State Guaranty Associations
Generally, all commercial insurers that are licensed by a state to issue annuity policies or contracts must be members of the state's insurance guaranty association in order to conduct business in that state. There are insurance guaranty associations in all 50 states, the District of Columbia, and all United States territories. Fraternal and charitable organizations and other entities that issue annuities may be subject to state regulations and statutes depending upon the structure of the organization and the products issued.
A state guaranty association provides protection to policyholders, annuitants, and beneficiaries when an annuity issuer becomes financially unstable. The types of annuities covered by the guaranty fund and the dollar amount of the coverage available vary from state to state. The event that triggers guaranty fund coverage is also defined differently from state to state. Typically, coverage is triggered when the issuer is financially impaired, insolvent, or is no longer paying claim in a timely manner. The triggering event for foreign issuers may be different. For example, coverage may be triggered if a foreign issuer's certificate of authority has been suspended or revoked or if the foreign issuer has been prohibited from accepting or soliciting new business in the state. When coverage is triggered, the guaranty association continues coverage or pays claims out of the fund. Monies in the fund are usually obtained through member assessments.
State guaranty associations generally cover only individual annuity contract holders and their beneficiaries or persons protected by certificates of insurance issued under group annuities. While there are exceptions, most state guaranty associations have a $100,00 maximum liability for the present value of an individual guaranteed annuity contract.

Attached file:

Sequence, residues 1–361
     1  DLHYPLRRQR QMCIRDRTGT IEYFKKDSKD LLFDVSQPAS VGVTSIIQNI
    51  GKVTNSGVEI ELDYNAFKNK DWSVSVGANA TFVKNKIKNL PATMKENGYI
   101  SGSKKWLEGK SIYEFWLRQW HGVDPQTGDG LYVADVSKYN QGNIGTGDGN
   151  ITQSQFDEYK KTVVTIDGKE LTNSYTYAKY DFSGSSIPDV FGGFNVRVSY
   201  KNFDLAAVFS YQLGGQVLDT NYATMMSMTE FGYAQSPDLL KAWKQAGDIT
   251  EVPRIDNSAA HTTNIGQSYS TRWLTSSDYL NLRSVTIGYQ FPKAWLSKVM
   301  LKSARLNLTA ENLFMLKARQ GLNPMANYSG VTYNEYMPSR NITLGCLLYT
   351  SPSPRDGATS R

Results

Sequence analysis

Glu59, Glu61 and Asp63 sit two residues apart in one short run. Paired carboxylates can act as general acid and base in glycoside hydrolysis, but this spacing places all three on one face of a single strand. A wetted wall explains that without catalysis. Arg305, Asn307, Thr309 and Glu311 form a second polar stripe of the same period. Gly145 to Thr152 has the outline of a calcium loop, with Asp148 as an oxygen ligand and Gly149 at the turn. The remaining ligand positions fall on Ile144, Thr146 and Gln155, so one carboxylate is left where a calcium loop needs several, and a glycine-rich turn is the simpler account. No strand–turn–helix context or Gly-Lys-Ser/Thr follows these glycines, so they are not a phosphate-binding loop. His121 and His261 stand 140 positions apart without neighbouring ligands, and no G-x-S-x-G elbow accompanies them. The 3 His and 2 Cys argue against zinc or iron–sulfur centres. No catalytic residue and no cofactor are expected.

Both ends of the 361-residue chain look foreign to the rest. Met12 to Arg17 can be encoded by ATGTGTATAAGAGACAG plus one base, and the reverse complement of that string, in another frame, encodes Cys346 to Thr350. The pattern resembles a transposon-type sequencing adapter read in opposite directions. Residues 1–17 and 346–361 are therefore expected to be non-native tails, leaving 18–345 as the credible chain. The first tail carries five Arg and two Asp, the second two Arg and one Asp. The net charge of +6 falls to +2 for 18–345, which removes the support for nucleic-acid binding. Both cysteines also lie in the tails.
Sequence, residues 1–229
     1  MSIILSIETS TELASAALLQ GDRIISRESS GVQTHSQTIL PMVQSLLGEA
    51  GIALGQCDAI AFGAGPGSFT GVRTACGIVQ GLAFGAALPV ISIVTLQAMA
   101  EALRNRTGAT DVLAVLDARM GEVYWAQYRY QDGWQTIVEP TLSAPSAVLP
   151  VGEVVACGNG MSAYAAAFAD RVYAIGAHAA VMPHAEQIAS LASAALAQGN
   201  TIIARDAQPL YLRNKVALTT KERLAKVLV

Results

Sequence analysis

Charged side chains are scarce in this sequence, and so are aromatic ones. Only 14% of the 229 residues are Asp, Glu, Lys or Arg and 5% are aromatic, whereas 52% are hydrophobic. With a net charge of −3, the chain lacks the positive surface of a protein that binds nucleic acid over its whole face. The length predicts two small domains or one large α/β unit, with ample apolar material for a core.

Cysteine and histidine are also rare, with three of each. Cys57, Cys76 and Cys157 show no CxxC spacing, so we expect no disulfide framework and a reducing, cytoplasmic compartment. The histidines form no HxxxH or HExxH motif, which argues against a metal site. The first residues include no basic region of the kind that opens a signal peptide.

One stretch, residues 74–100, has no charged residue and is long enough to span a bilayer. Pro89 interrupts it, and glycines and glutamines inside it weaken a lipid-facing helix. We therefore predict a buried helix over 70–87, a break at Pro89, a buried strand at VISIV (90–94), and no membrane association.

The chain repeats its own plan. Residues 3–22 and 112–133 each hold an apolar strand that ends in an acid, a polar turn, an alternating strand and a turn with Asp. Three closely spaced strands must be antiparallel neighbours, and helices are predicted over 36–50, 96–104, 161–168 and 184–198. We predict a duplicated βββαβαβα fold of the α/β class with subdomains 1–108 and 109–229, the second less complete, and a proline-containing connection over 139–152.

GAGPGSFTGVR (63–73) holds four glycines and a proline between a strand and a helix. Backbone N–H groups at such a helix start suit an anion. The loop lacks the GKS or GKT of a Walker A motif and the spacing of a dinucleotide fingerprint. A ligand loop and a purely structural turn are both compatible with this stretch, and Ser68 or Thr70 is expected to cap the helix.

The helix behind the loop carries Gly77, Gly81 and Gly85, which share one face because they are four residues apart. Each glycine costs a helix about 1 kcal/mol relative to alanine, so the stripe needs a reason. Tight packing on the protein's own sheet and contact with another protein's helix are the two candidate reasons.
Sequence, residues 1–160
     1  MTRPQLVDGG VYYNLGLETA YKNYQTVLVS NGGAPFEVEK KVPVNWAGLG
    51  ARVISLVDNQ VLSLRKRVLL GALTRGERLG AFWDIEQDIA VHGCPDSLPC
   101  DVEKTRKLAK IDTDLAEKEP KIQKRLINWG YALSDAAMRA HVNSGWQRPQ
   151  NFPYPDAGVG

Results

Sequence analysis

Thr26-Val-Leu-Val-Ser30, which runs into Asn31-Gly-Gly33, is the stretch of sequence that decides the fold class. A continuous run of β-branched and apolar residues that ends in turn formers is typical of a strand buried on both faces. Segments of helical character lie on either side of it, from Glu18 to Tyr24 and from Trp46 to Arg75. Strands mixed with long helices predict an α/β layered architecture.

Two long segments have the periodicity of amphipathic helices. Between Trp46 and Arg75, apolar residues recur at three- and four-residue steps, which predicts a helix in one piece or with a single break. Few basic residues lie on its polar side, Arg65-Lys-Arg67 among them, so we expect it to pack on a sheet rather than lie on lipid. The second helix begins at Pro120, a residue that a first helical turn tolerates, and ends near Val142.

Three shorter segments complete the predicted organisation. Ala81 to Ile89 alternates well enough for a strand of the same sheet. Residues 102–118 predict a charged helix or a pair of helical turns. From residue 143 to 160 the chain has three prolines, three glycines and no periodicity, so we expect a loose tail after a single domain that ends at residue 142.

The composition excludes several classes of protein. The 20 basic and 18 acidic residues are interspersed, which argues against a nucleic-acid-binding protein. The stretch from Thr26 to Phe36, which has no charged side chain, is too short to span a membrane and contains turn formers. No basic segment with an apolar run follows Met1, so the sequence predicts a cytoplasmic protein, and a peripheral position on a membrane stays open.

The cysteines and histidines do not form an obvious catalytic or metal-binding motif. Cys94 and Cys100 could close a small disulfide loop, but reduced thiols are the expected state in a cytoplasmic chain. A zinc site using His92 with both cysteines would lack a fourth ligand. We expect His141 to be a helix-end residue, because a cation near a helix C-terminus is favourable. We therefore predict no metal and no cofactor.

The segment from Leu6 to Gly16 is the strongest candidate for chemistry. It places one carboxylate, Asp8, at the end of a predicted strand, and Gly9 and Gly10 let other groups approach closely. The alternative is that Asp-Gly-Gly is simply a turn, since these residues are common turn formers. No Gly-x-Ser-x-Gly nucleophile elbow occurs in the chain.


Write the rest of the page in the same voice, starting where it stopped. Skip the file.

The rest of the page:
There are at least 10 state guaranty associations that do not extend coverage to a non-guaranteed annuity in which the individual bears the investment risk. These types of annuities are generally known as "unallocated" group annuity contracts. Unallocated group annuity contracts are frequently used in pension and retirement plans. In unallocated group annuity contracts, the contract or group annuity certificate is not issued to or owned by an individual. The insurer, not the government, guarantees any benefits. Typically, premiums and contributions are not immediately used to buy an annuity for the individual plan participant. Instead, the premiums and contributions are deposited in the plan's fund. No part of a premium or contribution is allocated to a particular plan participant. A fund manager or trustee typically allocates the fund monies to various investment vehicles. When the plan participant reaches a specified age (usually retirement age), the insurer is obligated to pay benefits. In those states where unallocated annuities are covered by the guaranty fund, the coverage limits vary. Generally, the minimum liability limit is $1,000,000. A guaranteed investment contract (GIC) is an example of an unallocated group annuity contract.
Copyright 2012 LexisNexis, a division of Reed Elsevier Inc.